Alien Trivia

Alien Trivia

This section includes both common and little known trivia about Alien, including outtake information, cast secrets, director quirks, and more. If you have trivia of your own submit it to us and have it added to the site (with full credit, of course):

  1. The Spanish version of the title translates as Alien: The 8th Passenger.
  2. Originally to be directed by Walter Hill, but he pulled out and gave the job to Ridley Scott.
  3. Roger Dicken, who designed and operated the “facehugger” and the “chestburster,” had originally wanted the latter to pull itself out of Kane’s torso with its own little hands, a sequence he felt would have produced a much more horrifying effect than the gratuitous blood and guts in the release print.
  4. The alien’s cycle of laying eggs in the chest (which then burst out) is similar to the lifecycle of the tsetse fly.
  5. A lawsuit by A.E. van Vogt, claiming plagiarism of his 1939 story Discord in Scarlet (which he had also incorporated in the 1950 novel Voyage of the Space Beagle), was settled out of court.
  6. Much of the dialogue was ad-libbed.
  7. An early draft of the script had a male Ripley.
  8. Veronica Cartwright was originally to play Ripley, but producers opted for Sigourney Weaver. Unbeknownst to Cartwright at the time.
  9. In the scene where Dallas, Kane and Lambert are leaving the ship, the actual actors walking past the Nostromo’s landing struts are three children (two of whom were Scott’s children dressed in scaled down spacesuits. This has the effect of making the ship look bigger.
  10. The compression suits were very hot, causing Tom Skerrit, Veronica Cartwright, and John Hurt to lose weight during the filming of the scene in which Dallas, Lambert, and Kane venture to the derelict. Only after Ridley Scott’s own children collapsed wearing the suits was something done.*
  11. A sex scene between Dallas and Ripley was in the script, but was not filmed.
  12. The front (face) part of the alien costume’s head is made from a cast of a real human skull.
  13. “Nostromo” is the title of a Joseph Conrad book. The shuttle that Ripley escapes on is called the “Narcissus”, a reference to another Conrad book.
  14. Conceptual artist H.R. Giger’s designs were changed several times, because of their blatant sexuality: the top of the eggs resembled a vagina too closely.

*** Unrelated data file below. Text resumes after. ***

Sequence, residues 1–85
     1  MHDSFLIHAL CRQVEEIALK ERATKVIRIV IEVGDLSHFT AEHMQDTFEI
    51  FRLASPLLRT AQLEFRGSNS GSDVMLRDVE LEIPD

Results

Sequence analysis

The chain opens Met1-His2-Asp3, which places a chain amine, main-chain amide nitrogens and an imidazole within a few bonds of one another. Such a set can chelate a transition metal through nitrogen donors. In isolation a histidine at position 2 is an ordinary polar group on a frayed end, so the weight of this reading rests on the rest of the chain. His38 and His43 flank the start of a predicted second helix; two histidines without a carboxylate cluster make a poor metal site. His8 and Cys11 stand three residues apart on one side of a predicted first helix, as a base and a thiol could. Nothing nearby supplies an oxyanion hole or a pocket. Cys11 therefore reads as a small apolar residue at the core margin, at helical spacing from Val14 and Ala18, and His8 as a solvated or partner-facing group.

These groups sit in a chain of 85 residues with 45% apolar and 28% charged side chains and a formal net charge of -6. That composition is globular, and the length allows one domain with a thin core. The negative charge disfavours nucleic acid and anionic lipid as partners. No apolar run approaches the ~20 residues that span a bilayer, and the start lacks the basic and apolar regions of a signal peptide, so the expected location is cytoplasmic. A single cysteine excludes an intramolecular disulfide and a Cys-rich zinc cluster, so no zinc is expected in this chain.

15. Extra scenes filmed but not included, due to pacing problems: Ripley finds Dallas and Brett; Dallas is covered in maggots and begs Ripley to kill him; She does so with a flame thrower; Ripley and Lambert discuss whether Ash has sex or not; alternative death scene for Brett; Parker comes across an alive Brett being lifted from the ground.
  16. Scott is reportedly quoted as saying that originally he wanted a much darker ending. He planned on having the alien bite off Ripley’s head in the escape shuttle, sit in her chair, and then start speaking with her voice in a message to Earth. Apparently, 20th Century Fox wasn’t too pleased with such a dark ending.
  17. The Polish title, translated back to English, is “The 8th Passenger of the Nostromo.”
  18. During production an attempt was made to make the alien character transparent or at least translucent.
  19. Three aliens were made: a model and two suits. One of the suits was for the seven foot tall Masai tribesman Bolajo Bolaji, and the other was for a trained stunt man. The models had to be repainted every evening of the shoot because the slime used on-set removed the acrylic paint from their surfaces.
  20. The vector graphics that appear on Ripley’s screen showing the undocking sequence for the Nostromo was also used for the aircar launch sequence in Blade Runner (1982).
  21. The rumor that the cast, except for John Hurt, did not know what would happen during the “chestburster” scene is partly true. The scene had been explained for them, but they did not know specifics. For example, Veronica Cartwright did not expect to be sprayed with blood.
  22. The thin layer of mist that “notified the eggs” was made possible using a pulsating laser and smoke, borrowed from the band The Who?**.

Sources

  • Internet Movie Database: Alien (1979).
  • *Talking with Veronica Cartwright , Richard Knight Jr., Windy City Times, November 8, 2006.
  • **Official website for the American Film Institute’s 100 Years, 100 Villains CBS special, air date June 3, 2003 at 8 pm.
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